Exhibit Change

design-driven community engagement

Navigating the Emergent Process

Navigating the Emergent Process

The emergent process is often described as the way to deal with the ambiguity and uncertainty of complex problems. It is the opportunity to navigating the messy parts of usually social and systemic issues that are most commonly known in the design thinking world as “wicked problems” Wicked problems are problems that don’t stop moving and changing to be solved for. They are rapidly changing problems and therefore the solution must be adaptive and iterative to respond and react appropriately.The key is to work on pinning down the problem for long enough to propose a solution and recognizing that the solution is a piece of a much bigger puzzle.

It all starts with a single question. What if? How might we? I wonder? This curiosity can lead to many places.

The best example we have heard lately is that putting a man on the moon is not a complex or wicked problem. It is a technical problem. It requires specific expertise and planning. The details may change, but the outcome is the pre-determined.

However, something like education or healthcare is a complex or wicked problem. You cannot stop these systems from operating, there are many ways to decipher the future state of these systems and therefore many ways to interact and understand the problem.

We have learned a few lessons and wanted to share them as part of our ongoing learning:

1. Understanding Stakeholders

We strive to work in collaborations where the stakeholders are at the table, part of the decision-making process and can see themselves as part of the design and implementation. Our goal is to create engagement and ownership. Within in this principle we have to recognize how we are understanding stakeholders, who we see as having power, the relationships between stakeholders and the expectations that come along with that. We struggle to adhere to the status quo and often find ourselves challenging power dynamics. Ultimately, trust is the largest asset to be gained and lost by understanding stakeholders.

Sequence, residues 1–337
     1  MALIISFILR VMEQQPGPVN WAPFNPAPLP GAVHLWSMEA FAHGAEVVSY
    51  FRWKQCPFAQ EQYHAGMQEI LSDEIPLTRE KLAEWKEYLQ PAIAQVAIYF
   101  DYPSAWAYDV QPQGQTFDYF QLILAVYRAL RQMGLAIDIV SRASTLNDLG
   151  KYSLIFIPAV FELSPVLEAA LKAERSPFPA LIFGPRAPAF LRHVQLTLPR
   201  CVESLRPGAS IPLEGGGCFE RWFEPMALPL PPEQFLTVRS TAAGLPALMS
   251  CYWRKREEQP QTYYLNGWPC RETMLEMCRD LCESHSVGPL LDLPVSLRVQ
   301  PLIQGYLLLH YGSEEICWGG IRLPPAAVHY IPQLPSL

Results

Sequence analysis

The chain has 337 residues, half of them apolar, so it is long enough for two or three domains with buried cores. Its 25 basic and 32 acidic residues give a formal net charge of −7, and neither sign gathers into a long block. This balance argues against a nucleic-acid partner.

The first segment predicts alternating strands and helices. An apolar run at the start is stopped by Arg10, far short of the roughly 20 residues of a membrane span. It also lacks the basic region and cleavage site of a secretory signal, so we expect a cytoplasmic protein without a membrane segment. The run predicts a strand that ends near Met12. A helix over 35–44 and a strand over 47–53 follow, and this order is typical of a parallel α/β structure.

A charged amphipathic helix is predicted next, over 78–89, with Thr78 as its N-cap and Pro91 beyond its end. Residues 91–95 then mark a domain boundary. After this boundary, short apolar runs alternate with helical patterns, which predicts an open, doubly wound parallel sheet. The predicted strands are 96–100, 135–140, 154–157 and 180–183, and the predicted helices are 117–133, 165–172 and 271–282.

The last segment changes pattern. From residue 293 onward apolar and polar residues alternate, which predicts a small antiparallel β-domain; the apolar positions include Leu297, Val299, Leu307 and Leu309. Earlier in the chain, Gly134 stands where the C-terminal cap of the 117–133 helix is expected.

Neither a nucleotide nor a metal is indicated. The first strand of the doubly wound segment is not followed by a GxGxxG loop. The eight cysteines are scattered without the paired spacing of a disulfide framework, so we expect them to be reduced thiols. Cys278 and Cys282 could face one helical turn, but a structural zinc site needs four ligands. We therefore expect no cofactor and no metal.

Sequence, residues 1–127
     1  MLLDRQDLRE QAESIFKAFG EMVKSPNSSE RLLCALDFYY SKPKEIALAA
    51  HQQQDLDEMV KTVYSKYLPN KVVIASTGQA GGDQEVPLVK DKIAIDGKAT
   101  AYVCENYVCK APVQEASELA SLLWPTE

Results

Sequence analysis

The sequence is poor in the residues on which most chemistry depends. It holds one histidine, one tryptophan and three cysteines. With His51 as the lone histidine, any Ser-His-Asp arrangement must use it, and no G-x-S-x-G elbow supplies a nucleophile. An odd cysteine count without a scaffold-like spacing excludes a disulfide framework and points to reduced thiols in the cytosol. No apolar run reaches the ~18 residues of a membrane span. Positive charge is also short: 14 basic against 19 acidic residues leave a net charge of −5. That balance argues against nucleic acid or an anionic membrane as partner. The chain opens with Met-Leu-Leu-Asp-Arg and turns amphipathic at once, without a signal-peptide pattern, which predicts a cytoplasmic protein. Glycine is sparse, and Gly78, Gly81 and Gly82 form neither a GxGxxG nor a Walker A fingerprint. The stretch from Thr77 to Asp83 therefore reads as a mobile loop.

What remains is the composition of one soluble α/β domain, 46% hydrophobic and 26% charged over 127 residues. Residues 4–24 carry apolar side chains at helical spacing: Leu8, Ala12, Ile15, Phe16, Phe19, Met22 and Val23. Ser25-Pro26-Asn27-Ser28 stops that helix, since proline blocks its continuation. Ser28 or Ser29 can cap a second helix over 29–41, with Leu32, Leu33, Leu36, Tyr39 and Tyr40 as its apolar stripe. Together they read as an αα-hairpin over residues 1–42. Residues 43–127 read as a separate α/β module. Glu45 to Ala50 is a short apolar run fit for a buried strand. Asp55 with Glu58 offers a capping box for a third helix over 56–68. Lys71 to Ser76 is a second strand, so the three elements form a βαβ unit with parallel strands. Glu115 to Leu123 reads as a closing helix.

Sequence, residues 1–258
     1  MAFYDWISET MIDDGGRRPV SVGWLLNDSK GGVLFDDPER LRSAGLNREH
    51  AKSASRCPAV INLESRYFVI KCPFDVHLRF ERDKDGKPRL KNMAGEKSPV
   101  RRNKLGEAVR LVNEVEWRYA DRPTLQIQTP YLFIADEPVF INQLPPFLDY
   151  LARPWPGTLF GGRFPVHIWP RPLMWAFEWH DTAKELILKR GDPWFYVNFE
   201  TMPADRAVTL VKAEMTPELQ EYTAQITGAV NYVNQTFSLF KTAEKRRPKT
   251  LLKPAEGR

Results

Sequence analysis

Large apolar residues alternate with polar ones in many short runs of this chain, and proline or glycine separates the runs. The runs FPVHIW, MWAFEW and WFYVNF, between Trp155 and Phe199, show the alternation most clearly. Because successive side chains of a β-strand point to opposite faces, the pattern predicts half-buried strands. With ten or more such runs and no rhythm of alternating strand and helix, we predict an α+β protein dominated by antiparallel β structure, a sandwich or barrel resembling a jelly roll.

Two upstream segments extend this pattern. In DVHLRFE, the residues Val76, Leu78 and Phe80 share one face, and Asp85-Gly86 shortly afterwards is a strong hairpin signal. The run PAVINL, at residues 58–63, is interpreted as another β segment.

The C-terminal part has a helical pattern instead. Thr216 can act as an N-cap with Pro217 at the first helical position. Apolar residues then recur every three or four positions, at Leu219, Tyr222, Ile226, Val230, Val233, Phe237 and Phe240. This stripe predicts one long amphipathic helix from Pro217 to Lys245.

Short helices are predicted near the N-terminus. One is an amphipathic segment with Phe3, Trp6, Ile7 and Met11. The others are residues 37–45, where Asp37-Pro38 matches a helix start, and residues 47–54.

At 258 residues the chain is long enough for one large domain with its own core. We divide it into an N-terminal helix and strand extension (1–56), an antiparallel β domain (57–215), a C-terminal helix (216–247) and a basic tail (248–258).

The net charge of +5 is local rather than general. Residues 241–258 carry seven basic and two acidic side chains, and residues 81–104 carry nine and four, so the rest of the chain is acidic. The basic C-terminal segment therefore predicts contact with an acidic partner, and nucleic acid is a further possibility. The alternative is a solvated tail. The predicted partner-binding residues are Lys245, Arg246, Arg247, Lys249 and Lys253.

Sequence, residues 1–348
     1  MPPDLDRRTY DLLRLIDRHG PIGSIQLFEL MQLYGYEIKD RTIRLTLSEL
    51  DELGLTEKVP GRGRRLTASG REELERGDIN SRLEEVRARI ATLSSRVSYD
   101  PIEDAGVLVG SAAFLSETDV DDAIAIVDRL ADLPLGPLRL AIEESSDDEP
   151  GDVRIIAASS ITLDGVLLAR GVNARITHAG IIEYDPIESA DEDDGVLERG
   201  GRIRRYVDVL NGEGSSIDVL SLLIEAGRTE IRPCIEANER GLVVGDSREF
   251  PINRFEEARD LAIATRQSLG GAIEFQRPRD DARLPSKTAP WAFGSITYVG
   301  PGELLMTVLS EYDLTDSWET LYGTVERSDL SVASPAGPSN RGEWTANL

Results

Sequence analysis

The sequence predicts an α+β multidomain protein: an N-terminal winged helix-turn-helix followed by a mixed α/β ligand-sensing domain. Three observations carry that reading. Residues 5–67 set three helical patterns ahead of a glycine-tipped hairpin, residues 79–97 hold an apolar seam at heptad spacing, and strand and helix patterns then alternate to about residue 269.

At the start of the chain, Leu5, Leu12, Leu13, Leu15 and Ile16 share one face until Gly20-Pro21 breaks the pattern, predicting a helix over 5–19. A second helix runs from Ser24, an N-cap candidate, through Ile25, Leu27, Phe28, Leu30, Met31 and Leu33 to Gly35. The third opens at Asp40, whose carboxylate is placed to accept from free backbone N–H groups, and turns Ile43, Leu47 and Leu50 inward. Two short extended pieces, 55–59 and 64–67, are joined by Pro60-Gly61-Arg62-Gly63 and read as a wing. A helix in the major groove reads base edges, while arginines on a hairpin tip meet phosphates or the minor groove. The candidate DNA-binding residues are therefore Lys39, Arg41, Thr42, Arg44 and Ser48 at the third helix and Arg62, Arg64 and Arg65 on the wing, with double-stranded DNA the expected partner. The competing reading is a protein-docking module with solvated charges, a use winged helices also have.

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2. Balancing Decision-Making

While working in collaborations with stakeholders the negotiation of decision-making is inherently at the forefront of each conversation as it can make or break the ownership we have worked to achieve. When we engage in a co-design relationship with our collaborators we have to be clear what that means and how decisions will impact our collaborators and the stakeholders. What does it really mean to be co-designing? Who is really making the call? If a decision is made that is in tension with what stakeholders have said, how will that be communicated and evaluated later on? We recognize that time, pressure and expectations can counter intentions for co-design and so we are working to document when and where that is happening.

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3. Embracing Messiness

Messiness, discomfort, awkwardness, uncertainty, unfamiliarity…whatever you want to call it, it is where the magic happens. We know it best as the ambiguity that we have to work to push towards and through to get to a solution that makes sense for this set of stakeholders, this moment in time and these circumstances. Our challenge is being able to walk people into the fog and convince them that there is certainty in the uncertainty. We battle with our collaborators desire to let their inner control freak come out when it starts to get messy. We are working on creating the safe space to help ourselves and others work in this awkwardness.

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Being able to work this way is sometimes seen as a luxury of time and resources and we have to wonder ask ourselves if we see another way of doing this work and if we can really afford to keep doing things the way always have. It seems fitting to put an Albert Einstein quote here.

Albert Einstein

Question. Provoke. Evolve.